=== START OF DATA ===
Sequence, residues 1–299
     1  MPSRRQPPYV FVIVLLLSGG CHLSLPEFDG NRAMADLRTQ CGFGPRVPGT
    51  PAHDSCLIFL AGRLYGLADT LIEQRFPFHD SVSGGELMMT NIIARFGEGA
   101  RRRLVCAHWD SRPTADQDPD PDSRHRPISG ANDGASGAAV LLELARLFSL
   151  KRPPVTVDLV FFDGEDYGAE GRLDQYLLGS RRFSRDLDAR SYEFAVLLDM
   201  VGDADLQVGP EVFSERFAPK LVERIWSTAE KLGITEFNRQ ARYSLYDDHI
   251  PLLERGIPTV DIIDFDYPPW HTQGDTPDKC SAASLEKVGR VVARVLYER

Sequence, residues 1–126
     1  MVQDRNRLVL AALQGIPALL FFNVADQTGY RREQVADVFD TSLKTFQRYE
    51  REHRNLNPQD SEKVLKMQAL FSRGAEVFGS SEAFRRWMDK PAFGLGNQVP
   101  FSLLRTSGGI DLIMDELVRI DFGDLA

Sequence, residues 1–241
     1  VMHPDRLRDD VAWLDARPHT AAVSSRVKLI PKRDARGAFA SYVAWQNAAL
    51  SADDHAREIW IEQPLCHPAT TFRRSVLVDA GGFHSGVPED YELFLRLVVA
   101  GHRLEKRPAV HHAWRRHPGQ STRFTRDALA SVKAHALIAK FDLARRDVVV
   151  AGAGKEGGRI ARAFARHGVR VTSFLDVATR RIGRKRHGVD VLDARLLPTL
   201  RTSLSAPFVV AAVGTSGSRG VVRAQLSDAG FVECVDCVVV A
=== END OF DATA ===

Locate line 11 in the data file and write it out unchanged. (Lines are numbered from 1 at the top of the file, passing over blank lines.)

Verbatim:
   101  FSLLRTSGGI DLIMDELVRI DFGDLA